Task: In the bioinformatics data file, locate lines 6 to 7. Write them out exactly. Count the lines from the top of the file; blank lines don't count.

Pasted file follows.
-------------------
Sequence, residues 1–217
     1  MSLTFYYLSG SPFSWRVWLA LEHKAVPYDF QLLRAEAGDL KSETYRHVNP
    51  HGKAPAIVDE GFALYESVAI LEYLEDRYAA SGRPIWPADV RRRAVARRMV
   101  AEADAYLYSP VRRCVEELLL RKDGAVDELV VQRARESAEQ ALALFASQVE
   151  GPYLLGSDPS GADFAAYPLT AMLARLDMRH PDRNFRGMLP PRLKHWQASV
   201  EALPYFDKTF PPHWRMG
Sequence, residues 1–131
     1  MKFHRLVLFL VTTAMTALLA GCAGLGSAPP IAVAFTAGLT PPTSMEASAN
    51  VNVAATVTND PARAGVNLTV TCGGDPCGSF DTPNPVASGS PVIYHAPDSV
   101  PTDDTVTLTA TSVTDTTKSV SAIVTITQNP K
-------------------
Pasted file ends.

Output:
   201  EALPYFDKTF PPHWRMG
Sequence, residues 1–131